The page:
Since its introduction in 2015 — and subsequent award for Best Calendar Watch at the 2016 GPHG — MB&F’s Legacy Machine (LM) Perpetual has run the gamut of case materials in its various incarnations, all of them very limited in number — rose gold, white gold, platinum, and titanium. For the latest, founder Max Büsser (the “MB”) and his talented team of “friends” (the “F”) have turned to a more classical precious metal, 18k yellow gold, pairing it with an of-the-moment blue dial for the latest 25-piece limited edition of the LM Perpetual.
Designed and developed in cooperation with Irish independent watchmaker Stephen McDonnell, the Legacy Machine Perpetual not only boasts a high-complication movement built entirely from the ground up — no base caliber, no module — but also puts its revolutionary design on full display on the dial side, ensconced beneath a large suspended balance. The manually wound, 581-part caliber in the LM Perpetual differs from traditional perpetual calendar movements in a few significant respects. Instead of using a 31-day month as the “default” and fast-forwarding through the unnecessary days in the shorter months, as is the common system, it uses a default 28-day month (as in a non-leap-year February) and adds extra days as required, thus no skipping ahead of dates, which has the potential to jam gears. Traditional perpetual calendar mechanisms can also be easily damaged if the owner makes an inadvertent adjustment while the date is changing; in MB&F’s caliber, the adjustment pushers automatically deactivate during calendar changes, so this risk is avoided.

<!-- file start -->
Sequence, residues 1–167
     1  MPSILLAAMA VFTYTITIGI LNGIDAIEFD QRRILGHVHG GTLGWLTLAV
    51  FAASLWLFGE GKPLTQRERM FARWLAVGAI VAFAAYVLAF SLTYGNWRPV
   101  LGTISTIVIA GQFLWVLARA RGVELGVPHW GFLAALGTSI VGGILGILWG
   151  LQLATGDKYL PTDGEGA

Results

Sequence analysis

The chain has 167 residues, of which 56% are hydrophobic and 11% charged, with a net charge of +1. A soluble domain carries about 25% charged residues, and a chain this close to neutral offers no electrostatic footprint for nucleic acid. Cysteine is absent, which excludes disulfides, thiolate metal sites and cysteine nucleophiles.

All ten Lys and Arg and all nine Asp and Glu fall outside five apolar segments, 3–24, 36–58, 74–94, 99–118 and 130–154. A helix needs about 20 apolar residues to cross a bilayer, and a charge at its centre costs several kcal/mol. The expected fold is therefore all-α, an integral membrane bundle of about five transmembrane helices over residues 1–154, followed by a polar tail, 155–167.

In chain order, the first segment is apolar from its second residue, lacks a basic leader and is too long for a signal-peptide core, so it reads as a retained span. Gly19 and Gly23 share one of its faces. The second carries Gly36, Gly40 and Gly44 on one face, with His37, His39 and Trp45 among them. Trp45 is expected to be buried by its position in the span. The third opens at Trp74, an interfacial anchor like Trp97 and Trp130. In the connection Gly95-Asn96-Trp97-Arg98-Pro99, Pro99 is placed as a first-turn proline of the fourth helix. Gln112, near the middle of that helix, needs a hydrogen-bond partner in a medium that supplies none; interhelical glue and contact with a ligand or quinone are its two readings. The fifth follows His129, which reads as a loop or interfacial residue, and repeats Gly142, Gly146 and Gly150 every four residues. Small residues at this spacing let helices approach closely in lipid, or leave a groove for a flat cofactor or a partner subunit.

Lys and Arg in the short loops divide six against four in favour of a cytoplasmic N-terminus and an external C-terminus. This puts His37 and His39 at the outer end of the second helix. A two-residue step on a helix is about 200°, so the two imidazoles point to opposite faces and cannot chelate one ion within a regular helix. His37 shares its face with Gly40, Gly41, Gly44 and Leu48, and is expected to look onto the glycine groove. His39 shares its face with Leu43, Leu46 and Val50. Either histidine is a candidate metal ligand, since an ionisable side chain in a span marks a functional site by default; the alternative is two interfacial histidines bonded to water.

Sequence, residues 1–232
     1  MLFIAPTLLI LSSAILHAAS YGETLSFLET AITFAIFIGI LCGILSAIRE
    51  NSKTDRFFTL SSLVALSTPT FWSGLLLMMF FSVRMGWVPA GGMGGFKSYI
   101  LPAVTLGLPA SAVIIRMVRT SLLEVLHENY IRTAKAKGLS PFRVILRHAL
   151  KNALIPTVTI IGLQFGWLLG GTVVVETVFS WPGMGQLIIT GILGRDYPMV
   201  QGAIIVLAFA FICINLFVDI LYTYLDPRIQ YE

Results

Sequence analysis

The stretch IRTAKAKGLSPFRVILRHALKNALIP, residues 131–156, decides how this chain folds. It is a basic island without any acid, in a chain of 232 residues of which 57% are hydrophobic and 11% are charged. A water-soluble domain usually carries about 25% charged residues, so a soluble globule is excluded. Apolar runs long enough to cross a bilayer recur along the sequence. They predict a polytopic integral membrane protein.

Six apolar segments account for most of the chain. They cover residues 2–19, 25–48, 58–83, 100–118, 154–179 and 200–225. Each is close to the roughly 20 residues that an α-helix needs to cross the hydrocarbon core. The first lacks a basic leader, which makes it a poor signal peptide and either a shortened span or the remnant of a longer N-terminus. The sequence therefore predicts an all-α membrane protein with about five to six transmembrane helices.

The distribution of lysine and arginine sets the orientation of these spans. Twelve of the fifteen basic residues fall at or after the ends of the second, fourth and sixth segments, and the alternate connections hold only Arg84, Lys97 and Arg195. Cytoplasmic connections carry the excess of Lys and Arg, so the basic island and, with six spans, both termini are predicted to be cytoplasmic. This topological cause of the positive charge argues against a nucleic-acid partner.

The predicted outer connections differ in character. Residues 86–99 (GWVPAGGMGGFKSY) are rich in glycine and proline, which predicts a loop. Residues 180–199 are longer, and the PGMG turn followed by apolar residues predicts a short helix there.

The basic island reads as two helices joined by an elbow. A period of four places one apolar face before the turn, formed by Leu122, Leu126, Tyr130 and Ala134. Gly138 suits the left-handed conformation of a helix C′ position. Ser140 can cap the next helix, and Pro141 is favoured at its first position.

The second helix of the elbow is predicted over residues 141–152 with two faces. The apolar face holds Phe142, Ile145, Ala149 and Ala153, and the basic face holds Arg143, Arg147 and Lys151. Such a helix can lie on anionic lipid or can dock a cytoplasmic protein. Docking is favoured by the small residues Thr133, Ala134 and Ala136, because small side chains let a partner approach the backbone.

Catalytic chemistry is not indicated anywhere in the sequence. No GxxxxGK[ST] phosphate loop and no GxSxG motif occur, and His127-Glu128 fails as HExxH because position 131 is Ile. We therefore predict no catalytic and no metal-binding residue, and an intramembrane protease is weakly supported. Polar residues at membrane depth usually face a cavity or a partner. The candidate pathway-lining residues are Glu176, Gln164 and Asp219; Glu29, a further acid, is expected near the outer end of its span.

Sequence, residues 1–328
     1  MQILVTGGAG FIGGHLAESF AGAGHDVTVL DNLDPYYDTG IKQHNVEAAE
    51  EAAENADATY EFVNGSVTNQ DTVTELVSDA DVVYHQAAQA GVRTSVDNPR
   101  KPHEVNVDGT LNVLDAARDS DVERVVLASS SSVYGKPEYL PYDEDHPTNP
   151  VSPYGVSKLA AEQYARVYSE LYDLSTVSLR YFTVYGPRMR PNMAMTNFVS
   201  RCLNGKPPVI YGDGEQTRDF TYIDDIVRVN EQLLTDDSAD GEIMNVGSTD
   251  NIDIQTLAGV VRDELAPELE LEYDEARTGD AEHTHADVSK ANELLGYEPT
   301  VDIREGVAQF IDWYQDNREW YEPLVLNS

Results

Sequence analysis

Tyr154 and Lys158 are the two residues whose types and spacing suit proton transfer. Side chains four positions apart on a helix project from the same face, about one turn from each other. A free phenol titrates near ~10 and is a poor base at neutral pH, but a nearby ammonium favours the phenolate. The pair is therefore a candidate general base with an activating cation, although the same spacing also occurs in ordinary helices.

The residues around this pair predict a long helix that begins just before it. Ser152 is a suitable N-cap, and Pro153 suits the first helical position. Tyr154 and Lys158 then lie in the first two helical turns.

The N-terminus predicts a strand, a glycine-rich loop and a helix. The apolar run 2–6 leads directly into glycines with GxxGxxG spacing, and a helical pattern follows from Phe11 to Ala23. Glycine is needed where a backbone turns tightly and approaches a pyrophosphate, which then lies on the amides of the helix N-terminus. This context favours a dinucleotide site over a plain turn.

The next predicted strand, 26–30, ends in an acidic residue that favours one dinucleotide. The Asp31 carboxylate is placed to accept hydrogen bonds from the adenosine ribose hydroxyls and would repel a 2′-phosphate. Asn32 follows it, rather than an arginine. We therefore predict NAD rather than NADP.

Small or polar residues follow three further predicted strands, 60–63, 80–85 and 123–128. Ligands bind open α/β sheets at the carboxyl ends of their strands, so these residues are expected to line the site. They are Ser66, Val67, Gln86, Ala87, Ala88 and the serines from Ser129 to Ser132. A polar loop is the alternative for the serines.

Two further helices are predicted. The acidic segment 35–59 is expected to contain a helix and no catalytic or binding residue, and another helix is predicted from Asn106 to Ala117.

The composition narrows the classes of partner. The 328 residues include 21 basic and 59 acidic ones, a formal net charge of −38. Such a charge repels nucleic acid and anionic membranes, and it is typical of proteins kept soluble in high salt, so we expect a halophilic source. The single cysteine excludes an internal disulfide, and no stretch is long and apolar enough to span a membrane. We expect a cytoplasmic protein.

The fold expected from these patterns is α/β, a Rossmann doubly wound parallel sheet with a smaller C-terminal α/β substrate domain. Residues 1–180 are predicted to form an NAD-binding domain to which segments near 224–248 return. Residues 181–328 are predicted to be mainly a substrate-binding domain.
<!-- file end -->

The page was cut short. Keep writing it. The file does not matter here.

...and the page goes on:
The movement accomplishes these feats with the use of a “mechanical processor” in place of the grand levier (big lever) system more commonplace in perpetual calendar calibers, which also drives the leap-year adjustment by means of a simple quick-set pusher. The huge balance wheel oscillating on the dial side is connected to the escapement in the back via an extra-long balance staff (probably the world’s longest, according to MB&F); under that massive balance are the subdials, which appear to float above the exposed mechanisms beneath them. At 12 o’clock, framed by the arches of the balance bridge, the hours and minutes are displayed on a traditional white subdial with Roman numerals and blued hands. Moving clockwise around the dial, the three other skeletonized subdials, mounted on hidden studs, display the day of the week at 3 o’clock, the month at 6 o’clock, and the date at 9 o’clock. At 4 o’clock is an arc-shaped indicator for the watch’s 72-hour power reserve and at 7 o’clock, another indicator for the leap year, equipped with a retrograde hand.
The back of the 44-mm-diameter, 3N yellow gold case has a sapphire exhibition window, with the same nonreflective coating as the front crystal, offering a view of the movement’s rear side, notably its double mainspring barrels and the haute horlogerie decorations on its bridges, including côtes de Genève, polished bevels and angles, and hand-made engravings. The case — itself comprising no less than 69 parts — is mounted on a hand-stitched alligator strap with a yellow-gold folding buckle. Its U.S. retail price is $167,000.
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